The Darchei Moshe (240:6) notes this as a possibility (according to the Ramban), and leaves the question as requiring further study.

In practice, we find that the Birchei Yosef rules that the obligation to honor an older brother is independent of parents, in line with the Rambam. The obligation therefore applies even after the parents’ death, and parents will not have the ability to forego their older son’s honor.

Brother or Sister, Older or Oldest?

There is a dispute among authorities whether the mitzvah of honoring an older brother applies to older sisters. Authorities also dispute whether the obligation applies specifically to the eldest brother—the firstborn—or to all older brothers, even those who are not firstborns.

The Shevus Yaakov (Vol. 1, no. 76) writes that the obligation applies only to the oldest child, and only to a firstborn boy. The rationale behind this ruling is that only the firstborn child (the bechor) must be honored, for the bechor embodies the principal continuation of a family into the next generation. The honor of a firstborn is therefore the honor of his parents. This ruling is noted by the Pischei Teshuvah (240:19).

Other authorities, however, differ on both counts. Citing the Arizal, the Birchei Yosef writes that the mitzvah applies to all older brothers and to all older sisters. He supports this principle from the rationale of the Ramban, whereby honoring older siblings reflects the parents’ honor, explaining that this reasoning applies to all older siblings.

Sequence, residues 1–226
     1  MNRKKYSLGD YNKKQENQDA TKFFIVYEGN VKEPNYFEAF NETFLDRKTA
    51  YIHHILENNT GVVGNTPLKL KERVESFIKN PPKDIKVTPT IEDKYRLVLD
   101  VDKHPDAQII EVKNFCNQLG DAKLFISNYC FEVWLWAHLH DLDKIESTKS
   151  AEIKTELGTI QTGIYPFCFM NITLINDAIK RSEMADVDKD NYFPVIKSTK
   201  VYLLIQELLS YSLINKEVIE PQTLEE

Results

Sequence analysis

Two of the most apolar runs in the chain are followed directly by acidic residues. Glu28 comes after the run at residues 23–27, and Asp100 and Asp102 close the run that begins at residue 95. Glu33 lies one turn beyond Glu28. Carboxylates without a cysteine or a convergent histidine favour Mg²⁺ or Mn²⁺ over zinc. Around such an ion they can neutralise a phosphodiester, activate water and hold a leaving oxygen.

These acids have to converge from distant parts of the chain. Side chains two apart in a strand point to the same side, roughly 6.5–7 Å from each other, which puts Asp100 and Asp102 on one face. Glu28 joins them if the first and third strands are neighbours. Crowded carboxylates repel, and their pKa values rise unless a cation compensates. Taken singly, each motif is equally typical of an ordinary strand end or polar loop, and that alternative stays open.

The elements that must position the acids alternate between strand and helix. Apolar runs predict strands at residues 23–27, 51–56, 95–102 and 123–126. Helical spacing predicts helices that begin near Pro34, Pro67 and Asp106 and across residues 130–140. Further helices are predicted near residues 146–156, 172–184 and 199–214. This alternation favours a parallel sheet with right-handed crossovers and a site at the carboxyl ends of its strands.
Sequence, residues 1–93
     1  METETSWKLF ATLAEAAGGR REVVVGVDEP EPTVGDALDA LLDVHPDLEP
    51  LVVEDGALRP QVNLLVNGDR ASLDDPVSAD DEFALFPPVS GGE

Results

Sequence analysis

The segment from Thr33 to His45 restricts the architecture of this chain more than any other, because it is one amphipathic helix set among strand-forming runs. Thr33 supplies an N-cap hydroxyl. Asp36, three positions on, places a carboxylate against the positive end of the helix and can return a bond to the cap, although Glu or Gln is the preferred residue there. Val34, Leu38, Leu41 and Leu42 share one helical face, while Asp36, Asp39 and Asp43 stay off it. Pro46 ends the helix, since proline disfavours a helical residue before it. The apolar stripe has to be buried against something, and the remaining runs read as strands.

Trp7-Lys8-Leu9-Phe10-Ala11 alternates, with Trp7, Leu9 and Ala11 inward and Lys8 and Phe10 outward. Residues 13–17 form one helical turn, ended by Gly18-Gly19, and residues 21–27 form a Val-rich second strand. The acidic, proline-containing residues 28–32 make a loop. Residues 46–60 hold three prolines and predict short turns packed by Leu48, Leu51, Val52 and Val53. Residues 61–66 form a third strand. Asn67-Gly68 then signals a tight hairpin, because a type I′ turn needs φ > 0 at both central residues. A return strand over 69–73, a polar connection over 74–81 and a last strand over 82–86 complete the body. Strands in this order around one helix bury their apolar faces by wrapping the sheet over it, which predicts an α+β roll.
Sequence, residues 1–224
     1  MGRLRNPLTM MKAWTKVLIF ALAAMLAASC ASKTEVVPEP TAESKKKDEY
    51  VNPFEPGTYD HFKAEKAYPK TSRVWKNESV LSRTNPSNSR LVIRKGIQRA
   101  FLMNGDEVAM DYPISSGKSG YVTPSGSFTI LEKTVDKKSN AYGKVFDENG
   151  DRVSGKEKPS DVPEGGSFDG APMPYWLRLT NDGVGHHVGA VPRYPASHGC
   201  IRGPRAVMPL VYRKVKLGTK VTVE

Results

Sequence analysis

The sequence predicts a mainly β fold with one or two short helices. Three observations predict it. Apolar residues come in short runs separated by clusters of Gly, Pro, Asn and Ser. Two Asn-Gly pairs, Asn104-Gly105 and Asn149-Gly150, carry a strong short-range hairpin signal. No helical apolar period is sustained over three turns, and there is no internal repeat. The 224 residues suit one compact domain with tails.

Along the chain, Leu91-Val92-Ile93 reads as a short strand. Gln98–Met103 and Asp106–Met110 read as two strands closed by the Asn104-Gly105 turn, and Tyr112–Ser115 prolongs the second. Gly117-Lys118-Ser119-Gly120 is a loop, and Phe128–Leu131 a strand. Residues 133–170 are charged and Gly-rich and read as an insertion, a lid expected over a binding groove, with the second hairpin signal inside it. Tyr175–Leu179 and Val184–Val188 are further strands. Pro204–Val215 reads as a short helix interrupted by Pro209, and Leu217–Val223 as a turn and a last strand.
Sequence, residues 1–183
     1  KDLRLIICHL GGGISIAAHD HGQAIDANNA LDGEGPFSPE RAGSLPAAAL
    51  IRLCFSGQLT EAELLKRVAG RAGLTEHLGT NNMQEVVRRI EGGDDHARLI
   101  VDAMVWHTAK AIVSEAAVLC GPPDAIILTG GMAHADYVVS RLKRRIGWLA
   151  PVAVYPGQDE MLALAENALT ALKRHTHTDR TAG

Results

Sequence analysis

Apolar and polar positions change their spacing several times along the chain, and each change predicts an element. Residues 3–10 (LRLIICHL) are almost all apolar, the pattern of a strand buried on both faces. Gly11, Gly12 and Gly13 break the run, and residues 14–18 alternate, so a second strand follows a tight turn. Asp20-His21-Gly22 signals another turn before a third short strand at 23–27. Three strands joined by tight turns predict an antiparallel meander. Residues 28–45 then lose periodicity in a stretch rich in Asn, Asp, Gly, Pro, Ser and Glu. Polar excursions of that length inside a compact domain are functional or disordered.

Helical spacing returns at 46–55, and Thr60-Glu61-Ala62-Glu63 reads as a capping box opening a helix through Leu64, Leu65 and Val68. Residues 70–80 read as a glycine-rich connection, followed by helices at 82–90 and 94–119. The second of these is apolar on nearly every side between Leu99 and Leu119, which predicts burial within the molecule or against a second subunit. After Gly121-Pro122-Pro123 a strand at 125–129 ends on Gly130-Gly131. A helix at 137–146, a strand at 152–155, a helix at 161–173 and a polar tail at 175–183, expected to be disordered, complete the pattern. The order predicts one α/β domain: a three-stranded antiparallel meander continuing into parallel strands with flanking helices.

We find in the Gemara (Avodah Zarah 17a) that Ulla (an amora) used to show his older sisters great honor, from which the Yad Shaul (240:15) proves that the obligation applies to sisters. However, it is possible that the honor he showed was not due to the Torah obligation but because he felt this was proper conduct.

The Birchei Yosef concludes that a person must honor all older brothers and sisters. We have already mentioned the Midrash concerning Rachel and Leah, which also indicates that older sisters must also be honored. But as noted above, the ruling of the Pischei Teshuvah is that only the bechor must be honored, and citing the Shvus Yaakov (1:76), he writes that we do not learn from the Midrash concerning Rachel and Leah, adding that speaking before somebody greater disgraces them, and it is not just a matter of honoring them.